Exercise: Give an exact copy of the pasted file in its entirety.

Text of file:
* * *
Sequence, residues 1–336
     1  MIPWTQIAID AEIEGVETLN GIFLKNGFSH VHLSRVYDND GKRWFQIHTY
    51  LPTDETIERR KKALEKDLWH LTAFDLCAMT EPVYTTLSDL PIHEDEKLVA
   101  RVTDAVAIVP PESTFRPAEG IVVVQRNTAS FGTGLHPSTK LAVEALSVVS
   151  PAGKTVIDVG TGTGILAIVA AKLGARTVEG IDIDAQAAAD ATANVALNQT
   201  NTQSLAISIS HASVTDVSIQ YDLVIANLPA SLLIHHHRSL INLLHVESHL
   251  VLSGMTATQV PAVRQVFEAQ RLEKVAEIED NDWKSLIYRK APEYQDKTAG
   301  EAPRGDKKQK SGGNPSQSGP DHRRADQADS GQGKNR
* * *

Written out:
Sequence, residues 1–336
     1  MIPWTQIAID AEIEGVETLN GIFLKNGFSH VHLSRVYDND GKRWFQIHTY
    51  LPTDETIERR KKALEKDLWH LTAFDLCAMT EPVYTTLSDL PIHEDEKLVA
   101  RVTDAVAIVP PESTFRPAEG IVVVQRNTAS FGTGLHPSTK LAVEALSVVS
   151  PAGKTVIDVG TGTGILAIVA AKLGARTVEG IDIDAQAAAD ATANVALNQT
   201  NTQSLAISIS HASVTDVSIQ YDLVIANLPA SLLIHHHRSL INLLHVESHL
   251  VLSGMTATQV PAVRQVFEAQ RLEKVAEIED NDWKSLIYRK APEYQDKTAG
   301  EAPRGDKKQK SGGNPSQSGP DHRRADQADS GQGKNR